According to a local imam with the Islamic Association, some male and female members of the Muslim community experienced verbal harassment when they wore head coverings and clothing that identified them as Muslim. The Christian Council, comprised of the Roman Catholic, Lutheran, Anglican, and Methodist Churches, the Salvation Army, and the Evangelical Association of the Caribbean, continued to hold interdenominational meetings to promote respect for religious diversity and tolerance.

U.S embassy officials discussed the status of public consultations on marijuana decriminalization, the Religious Advisory Committee, and general issues related to respect for religious minorities with officials of the Ministry of Equity, Social Justice, Empowerment, Youth Development, Sports, and Local Government, which is responsible for issues regarding religious groups. Embassy officials also discussed on several occasions in October, November, and December issues related to religious freedom with leaders of the Rastafarian, Christian, Muslim, and Jewish communities.

South Africa

Executive Summary

The constitution provides for freedom of religion and belief and prohibits discrimination on the basis of religion. The government does not require religious groups to register; however, registered groups receive tax-exempt status. Throughout the year, religious groups and nongovernmental organizations (NGOs) continued to express concerns that two separate draft laws, one requiring religious groups to register with the government and the other criminalizing, defining, and punishing hate crimes and speech, could potentially infringe on religious freedom and freedom of speech. In March the Pretoria High Court ordered the Dutch Reformed Church to allow individual church councils to recognize and bless same-sex relationships and to employ noncelibate gay clergy. In September the Constitutional Court ruled that parental rights to religious freedom did not include the right to discipline their children using corporal punishment (including spanking), in response to a case brought by the NGO Freedom of Religion SA.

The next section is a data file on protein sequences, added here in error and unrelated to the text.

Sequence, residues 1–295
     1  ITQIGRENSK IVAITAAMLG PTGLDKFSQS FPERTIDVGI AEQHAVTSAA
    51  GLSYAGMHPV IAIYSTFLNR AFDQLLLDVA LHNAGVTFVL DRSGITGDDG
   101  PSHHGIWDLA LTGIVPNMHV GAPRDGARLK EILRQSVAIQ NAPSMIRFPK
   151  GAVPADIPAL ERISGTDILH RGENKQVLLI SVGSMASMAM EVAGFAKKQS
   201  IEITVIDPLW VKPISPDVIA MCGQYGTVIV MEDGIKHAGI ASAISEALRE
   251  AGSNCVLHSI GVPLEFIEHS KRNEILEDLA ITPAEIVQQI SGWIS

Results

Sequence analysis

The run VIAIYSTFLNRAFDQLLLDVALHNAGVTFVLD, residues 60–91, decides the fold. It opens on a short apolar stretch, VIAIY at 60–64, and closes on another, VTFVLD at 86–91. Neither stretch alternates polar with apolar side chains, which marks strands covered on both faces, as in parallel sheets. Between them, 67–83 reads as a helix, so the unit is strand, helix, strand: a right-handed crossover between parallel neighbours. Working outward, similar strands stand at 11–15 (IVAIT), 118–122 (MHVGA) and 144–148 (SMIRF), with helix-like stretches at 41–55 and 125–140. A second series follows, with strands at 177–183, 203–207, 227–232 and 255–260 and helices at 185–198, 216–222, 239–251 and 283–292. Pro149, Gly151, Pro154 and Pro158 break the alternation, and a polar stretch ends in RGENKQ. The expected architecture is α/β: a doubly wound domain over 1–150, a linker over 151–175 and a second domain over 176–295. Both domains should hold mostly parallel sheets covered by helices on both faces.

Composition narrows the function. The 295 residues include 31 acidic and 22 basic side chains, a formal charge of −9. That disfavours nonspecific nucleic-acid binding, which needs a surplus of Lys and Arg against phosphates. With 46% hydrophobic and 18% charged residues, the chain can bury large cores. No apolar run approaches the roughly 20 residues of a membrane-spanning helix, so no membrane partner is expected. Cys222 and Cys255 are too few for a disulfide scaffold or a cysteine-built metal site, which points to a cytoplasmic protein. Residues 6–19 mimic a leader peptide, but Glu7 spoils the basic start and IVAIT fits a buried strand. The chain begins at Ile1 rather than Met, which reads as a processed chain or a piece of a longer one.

The South African Jewish Board of Deputies (SAJBD) recorded 36 anti-Semitic incidents during the year – a 15-year low. Numerous individuals made anti-Semitic comments throughout the year. Religious leaders reported a number of anti-Muslim incidents, including vandalism of several mosques and desecration of Muslim graves in a Cape Town cemetery, and attempts to prevent the slaughter of animals for Eid-al-Adha.

U.S. government officials met with religious groups and NGOs, including Muslim, Hindu, Christian, Jewish, and humanist representatives, to gauge and discuss issues of religious freedom, including cases of anti-Semitism and anti-Muslim sentiment, and a proposed draft bill that would require religious institutions to register with the government in order to operate.

International Religious Freedom Reports
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U.S. Department of State

The Lessons of 1989: Freedom and Our Future